Fraudsters never stand still – so why do you in your attempts to beat them? The threat of lost revenue poses an opportunity to adopt a holistic and data-driven approach to non-technical losses … and indeed all losses within the utility sector.
Globally, non-technical losses (AKA fraud) cost utilities $96 billion annually according to a study issued by Northeast Group in May 2017. An internet search will bring to your attention other international and regional studies, all of them quoting hefty figures. Regardless of which studies you feel are accurate, the problem – or, as I prefer to think of it, the opportunity – here for utilities to address is huge.
Currently, utilities are tackling fraud in a silo-fashioned way – running specific teams that focus on specific processes, backed up with one-off projects to boost revenues short term. This typically focuses on areas such as billing and revenue assurance, identification of unbilled revenues by comparing metered consumption versus energy billed out, and where possible comparison of power, gas or water metered values throughout the network versus the sum of metered consumption downstream at the customer level.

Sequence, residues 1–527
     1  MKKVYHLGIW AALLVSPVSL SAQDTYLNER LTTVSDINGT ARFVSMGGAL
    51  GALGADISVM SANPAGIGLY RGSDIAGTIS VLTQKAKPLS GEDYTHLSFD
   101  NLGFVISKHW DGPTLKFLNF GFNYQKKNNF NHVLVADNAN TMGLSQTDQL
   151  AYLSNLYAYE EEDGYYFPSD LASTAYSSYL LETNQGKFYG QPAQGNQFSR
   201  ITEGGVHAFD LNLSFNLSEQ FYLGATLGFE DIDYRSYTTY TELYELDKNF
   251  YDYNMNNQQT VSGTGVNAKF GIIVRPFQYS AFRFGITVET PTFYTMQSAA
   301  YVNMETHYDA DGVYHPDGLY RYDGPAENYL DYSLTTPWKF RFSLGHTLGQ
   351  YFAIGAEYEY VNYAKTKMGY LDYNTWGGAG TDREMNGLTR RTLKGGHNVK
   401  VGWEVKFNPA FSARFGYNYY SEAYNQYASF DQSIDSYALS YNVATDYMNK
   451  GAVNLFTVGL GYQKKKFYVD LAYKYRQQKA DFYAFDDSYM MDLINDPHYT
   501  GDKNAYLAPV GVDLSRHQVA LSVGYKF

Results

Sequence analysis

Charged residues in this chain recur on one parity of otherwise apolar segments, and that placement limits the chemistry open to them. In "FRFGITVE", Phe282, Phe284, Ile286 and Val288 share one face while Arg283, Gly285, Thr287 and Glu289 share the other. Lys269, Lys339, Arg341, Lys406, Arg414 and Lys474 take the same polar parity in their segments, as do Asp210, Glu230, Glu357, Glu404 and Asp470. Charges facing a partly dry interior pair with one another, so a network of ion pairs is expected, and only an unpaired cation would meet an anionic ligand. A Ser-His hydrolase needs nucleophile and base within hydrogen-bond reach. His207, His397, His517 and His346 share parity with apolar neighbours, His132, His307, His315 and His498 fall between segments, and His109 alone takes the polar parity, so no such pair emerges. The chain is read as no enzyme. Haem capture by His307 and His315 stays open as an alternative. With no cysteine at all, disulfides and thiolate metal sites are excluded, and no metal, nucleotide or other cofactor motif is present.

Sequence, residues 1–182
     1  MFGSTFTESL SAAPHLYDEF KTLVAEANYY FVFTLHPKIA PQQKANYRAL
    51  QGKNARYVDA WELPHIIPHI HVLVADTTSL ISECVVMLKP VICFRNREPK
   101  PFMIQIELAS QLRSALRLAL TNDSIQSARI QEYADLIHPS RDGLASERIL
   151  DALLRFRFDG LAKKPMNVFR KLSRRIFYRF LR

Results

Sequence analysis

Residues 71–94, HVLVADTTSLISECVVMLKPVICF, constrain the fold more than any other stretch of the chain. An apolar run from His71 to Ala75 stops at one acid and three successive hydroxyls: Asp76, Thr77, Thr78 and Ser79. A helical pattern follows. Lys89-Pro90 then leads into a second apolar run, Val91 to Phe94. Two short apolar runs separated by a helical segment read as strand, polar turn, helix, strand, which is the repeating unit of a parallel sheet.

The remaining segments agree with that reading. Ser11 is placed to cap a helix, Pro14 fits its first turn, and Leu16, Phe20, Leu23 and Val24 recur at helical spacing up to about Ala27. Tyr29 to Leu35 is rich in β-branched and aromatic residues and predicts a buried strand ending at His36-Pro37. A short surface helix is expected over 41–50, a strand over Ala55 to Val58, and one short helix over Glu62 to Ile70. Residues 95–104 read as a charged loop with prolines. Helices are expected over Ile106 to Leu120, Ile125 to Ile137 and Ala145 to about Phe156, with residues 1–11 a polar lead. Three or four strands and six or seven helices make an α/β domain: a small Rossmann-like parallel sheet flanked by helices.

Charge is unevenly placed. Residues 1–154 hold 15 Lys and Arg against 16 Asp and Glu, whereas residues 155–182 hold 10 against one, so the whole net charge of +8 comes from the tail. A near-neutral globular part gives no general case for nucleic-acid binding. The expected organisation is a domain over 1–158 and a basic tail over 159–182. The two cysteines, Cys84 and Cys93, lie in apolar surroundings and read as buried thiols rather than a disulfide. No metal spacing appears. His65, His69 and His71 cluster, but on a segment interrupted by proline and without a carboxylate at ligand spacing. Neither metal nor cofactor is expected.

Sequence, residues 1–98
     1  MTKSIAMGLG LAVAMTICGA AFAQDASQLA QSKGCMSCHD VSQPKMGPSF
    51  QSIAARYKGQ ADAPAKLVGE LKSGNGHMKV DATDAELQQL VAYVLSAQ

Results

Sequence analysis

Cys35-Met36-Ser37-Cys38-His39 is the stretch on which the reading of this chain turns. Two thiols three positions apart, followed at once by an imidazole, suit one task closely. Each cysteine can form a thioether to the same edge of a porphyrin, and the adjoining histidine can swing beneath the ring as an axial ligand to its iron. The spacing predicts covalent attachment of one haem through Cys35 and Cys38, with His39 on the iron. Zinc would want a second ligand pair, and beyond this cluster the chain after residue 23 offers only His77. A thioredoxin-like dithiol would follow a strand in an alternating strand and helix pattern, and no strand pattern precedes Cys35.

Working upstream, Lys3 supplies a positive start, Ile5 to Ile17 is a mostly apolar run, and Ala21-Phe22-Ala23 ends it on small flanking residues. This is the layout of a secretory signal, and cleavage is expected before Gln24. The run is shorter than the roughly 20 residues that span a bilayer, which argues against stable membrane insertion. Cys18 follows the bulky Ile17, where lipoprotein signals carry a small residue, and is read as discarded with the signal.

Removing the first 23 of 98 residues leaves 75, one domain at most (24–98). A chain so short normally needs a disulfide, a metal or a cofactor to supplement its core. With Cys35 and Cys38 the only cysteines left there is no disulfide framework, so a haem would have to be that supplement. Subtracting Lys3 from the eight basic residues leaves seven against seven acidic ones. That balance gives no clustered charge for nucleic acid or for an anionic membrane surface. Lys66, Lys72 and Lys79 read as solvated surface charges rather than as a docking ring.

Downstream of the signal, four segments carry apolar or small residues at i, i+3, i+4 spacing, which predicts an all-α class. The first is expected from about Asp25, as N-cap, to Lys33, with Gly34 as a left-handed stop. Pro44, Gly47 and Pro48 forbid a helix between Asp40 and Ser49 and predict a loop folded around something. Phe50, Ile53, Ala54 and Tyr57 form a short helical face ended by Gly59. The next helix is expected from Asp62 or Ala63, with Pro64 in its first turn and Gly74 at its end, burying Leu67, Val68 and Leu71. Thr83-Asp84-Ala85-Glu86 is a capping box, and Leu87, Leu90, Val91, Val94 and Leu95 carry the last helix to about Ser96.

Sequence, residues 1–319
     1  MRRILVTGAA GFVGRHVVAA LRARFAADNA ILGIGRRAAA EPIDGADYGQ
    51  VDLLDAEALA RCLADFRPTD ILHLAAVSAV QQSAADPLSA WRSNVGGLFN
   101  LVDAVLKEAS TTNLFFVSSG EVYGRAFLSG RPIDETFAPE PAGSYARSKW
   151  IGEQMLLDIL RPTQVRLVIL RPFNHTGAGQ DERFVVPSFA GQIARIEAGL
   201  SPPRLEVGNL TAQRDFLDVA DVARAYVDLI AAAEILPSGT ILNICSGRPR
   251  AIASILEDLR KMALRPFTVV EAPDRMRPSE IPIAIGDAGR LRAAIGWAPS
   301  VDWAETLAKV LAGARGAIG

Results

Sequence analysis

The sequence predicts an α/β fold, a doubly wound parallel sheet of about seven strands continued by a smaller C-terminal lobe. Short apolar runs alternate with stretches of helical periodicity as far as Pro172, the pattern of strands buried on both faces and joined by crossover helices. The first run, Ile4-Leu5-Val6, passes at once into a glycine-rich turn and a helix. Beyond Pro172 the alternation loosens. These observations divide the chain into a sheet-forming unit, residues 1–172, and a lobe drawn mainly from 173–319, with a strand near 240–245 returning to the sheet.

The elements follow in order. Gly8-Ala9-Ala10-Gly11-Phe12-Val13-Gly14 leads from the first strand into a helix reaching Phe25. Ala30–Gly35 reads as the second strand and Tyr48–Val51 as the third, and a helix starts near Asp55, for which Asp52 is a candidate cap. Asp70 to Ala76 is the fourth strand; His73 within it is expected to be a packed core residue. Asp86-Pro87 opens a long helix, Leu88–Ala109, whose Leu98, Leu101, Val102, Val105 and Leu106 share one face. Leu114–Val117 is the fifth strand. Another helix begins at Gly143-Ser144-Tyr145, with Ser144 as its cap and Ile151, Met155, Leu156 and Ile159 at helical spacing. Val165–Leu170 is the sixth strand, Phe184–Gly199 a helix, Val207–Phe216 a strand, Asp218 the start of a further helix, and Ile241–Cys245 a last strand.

It works but with limitations!
This silo-type solution approach, whilst delivering some benefits, can only do so much. It is massively hamstrung from a number of angles, including:
- Lack of any significant ability to understand, classify and importantly prove non-technical losses in a way that follow up actions can be justified or indeed show any given case is valid.
- Financial benefits of acting on certain categories of fraud or individual cases are often not well understood.
- Non-technical losses are managed in isolation from technical losses. As a simple example: if a customer’s premises include complex metering arrangements of which a portion are missing from a utilities’ system and/ or just not billed accurately, the customer could well understand that they are being under-billed and have just chosen not to confess. Are those losses technical or non-technical? Utilities need to think about losses as holistically as possible – this is all revenue!
- The silo approach is tactical in nature, but focused on short-term fixes for short-term gains, instead of longer term solutions focused on permanent prevention.
These limitations are driven by a lack of focus on how to use data – both from the perspective of what can be done with it, and how to integrate it at scale from multiple sources in a way that everyone can tackle losses holistically, and more effectively.
Water utility hits the mark